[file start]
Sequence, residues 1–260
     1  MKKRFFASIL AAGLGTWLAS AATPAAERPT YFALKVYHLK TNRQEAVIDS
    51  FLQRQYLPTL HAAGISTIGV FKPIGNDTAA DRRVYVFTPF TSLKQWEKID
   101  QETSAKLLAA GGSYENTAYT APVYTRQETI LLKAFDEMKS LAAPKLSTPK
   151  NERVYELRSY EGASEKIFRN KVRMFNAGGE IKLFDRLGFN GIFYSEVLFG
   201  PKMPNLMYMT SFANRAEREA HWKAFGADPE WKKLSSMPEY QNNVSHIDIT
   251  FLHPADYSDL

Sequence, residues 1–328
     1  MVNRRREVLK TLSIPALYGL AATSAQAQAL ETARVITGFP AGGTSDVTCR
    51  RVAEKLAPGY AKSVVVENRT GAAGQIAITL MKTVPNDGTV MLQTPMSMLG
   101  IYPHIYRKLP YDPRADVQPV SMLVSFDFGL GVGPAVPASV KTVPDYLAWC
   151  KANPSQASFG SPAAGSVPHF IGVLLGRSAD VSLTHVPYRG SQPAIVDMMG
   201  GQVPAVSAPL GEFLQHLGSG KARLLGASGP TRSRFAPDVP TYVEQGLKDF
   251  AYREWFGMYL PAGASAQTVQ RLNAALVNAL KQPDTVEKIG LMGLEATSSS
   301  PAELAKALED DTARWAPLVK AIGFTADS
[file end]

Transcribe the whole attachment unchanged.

Sequence, residues 1–260
     1  MKKRFFASIL AAGLGTWLAS AATPAAERPT YFALKVYHLK TNRQEAVIDS
    51  FLQRQYLPTL HAAGISTIGV FKPIGNDTAA DRRVYVFTPF TSLKQWEKID
   101  QETSAKLLAA GGSYENTAYT APVYTRQETI LLKAFDEMKS LAAPKLSTPK
   151  NERVYELRSY EGASEKIFRN KVRMFNAGGE IKLFDRLGFN GIFYSEVLFG
   201  PKMPNLMYMT SFANRAEREA HWKAFGADPE WKKLSSMPEY QNNVSHIDIT
   251  FLHPADYSDL

Sequence, residues 1–328
     1  MVNRRREVLK TLSIPALYGL AATSAQAQAL ETARVITGFP AGGTSDVTCR
    51  RVAEKLAPGY AKSVVVENRT GAAGQIAITL MKTVPNDGTV MLQTPMSMLG
   101  IYPHIYRKLP YDPRADVQPV SMLVSFDFGL GVGPAVPASV KTVPDYLAWC
   151  KANPSQASFG SPAAGSVPHF IGVLLGRSAD VSLTHVPYRG SQPAIVDMMG
   201  GQVPAVSAPL GEFLQHLGSG KARLLGASGP TRSRFAPDVP TYVEQGLKDF
   251  AYREWFGMYL PAGASAQTVQ RLNAALVNAL KQPDTVEKIG LMGLEATSSS
   301  PAELAKALED DTARWAPLVK AIGFTADS